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Re: Making Emacs more newbie friendly


From: Floyd L. Davidson
Subject: Re: Making Emacs more newbie friendly
Date: Sat, 19 Mar 2005 09:10:35 -0900
User-agent: gnus 5.10.6/XEmacs 21.4.15/Linux 2.6.5

jasonr (Jason Rumney) @  f2s.com wrote:
>PT <address@hidden> writes:
>
>> This would include for example keybindings which are familiar for new
>> users:
>>
>>      F1 for help, F2 for save file, F3 for load file, etc.

What an absurd set of bindings...  ;-)

Mine are F1 for help, F2 shows function key bindings, and all of
the rest change depending on the mode.  (And doing it that way
was a mistake on my part, because I *never* use F1 to get help,
so that is where the function key binding list should have
gone.  Some day I'll fix that...)

>Where do these come from? What users would be familiar with them?
>In every application I've come across recently, F3 is "next match"
>for search operations.
>
>The problem with any suggestion like this, is that the idea of a
>single "standard" set of keybindings is mythical.

Nooooo!  The *EMACS* keybindings are the only ones that make any
sense at all for an Emacs editor.

>Beyond a few very
>basic bindings, there is no genuine standard. People come to Emacs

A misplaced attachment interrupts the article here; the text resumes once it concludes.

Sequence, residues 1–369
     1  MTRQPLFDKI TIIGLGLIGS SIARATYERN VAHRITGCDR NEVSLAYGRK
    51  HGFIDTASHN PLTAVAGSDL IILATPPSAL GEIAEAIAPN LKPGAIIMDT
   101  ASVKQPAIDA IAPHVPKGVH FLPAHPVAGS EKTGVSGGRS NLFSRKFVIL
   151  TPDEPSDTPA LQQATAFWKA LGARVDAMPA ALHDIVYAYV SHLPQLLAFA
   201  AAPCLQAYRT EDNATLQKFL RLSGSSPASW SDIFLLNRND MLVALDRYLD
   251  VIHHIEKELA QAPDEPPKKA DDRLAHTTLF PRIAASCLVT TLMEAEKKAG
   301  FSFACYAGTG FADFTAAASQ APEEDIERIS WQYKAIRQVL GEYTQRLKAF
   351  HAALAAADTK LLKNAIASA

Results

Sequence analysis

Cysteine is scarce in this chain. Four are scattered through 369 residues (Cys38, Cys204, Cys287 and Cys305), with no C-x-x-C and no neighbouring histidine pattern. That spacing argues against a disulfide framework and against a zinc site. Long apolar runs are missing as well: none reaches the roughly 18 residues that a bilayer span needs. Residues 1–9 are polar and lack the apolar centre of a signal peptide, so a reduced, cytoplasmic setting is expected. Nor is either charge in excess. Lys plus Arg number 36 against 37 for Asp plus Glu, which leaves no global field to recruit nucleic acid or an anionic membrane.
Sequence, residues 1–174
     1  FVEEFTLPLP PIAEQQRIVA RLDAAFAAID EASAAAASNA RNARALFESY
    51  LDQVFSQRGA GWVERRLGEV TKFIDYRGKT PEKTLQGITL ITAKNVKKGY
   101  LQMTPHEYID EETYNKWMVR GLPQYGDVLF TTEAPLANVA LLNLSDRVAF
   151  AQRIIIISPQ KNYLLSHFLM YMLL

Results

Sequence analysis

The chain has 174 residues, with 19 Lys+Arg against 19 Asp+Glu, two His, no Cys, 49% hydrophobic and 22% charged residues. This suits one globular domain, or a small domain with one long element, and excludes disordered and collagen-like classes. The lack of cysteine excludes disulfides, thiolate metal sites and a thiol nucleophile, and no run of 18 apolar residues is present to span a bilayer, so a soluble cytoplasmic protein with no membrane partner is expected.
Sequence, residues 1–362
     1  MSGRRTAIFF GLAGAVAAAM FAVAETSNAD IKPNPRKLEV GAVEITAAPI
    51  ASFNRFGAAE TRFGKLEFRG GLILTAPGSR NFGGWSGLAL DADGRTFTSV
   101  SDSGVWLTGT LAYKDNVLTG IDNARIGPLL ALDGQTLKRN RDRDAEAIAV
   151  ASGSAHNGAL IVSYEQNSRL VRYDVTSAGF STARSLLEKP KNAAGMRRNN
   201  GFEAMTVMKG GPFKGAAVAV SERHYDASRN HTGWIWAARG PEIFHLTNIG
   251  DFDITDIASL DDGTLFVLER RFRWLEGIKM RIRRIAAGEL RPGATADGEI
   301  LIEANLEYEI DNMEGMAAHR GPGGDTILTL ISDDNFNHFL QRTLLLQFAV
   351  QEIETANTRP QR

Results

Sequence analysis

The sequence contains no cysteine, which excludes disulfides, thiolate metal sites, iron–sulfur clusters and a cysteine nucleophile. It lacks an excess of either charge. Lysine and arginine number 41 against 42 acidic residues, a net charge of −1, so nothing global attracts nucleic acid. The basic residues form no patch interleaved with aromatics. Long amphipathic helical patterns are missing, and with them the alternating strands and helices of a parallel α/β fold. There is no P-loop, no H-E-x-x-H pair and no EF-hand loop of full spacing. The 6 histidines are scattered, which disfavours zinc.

>from any number of inferior text editors, and the way to make them
>happy is an emulation mode for the editor they are coming from. We

If newbies want to use inferior editors, they should stay with
what they have.  If they want to learn how to use a superior
editor, *that* is exactly what they should do.  Trying to dumb
down Emacs is not only dumb, it is *impossible* as far as making
it match every single one of the multitudes of inferior text
editors.  Emacs cannot be all of them at once.

And I just fail to see how an emulator for an inferior text
editor is in any way helping a newbie to learn Emacs.  They
don't need to be retaining old, bad, habits.  What they need is
a good crib sheet, with all of the most useful commands on it,
so that they can start using them.  That's the way to *learn*
commands, and learning commands is the way to learn Emacs.

>already have emulation modes for several other text editors, can you
>suggest (or better, contribute) other popular ones that are missing?

My first emacs was Perfect Writer on Kaypro in the early
1980's.  I put a sheet of paper over the (significant) unused
areas on the keyboard, cutout slots to match the keys, and
trimmed it to fit the edges.  I taped that down solid, and then
hand wrote as many key bindings as I could on it.  Soon enough
there were a bunch that I didn't need help remembering, and I
made a new one.  Each time I did that it was a little neater and
had more key bindings listed.  Eventually I had something like
200 (i.e., it had virtually every command not positively
memorized).  Perhaps a year later I didn't really need it.

Emacs is way too complex, at least for me, to ever remember anything
like all possible commands.  But still, learning a set of 300-500
commands is 1) not trivial, 2) *very* useful, 3) can't be done using
some other set of commands instead.

-- 
Floyd L. Davidson           <http://web.newsguy.com/floyd_davidson>
Ukpeagvik (Barrow, Alaska)                         address@hidden


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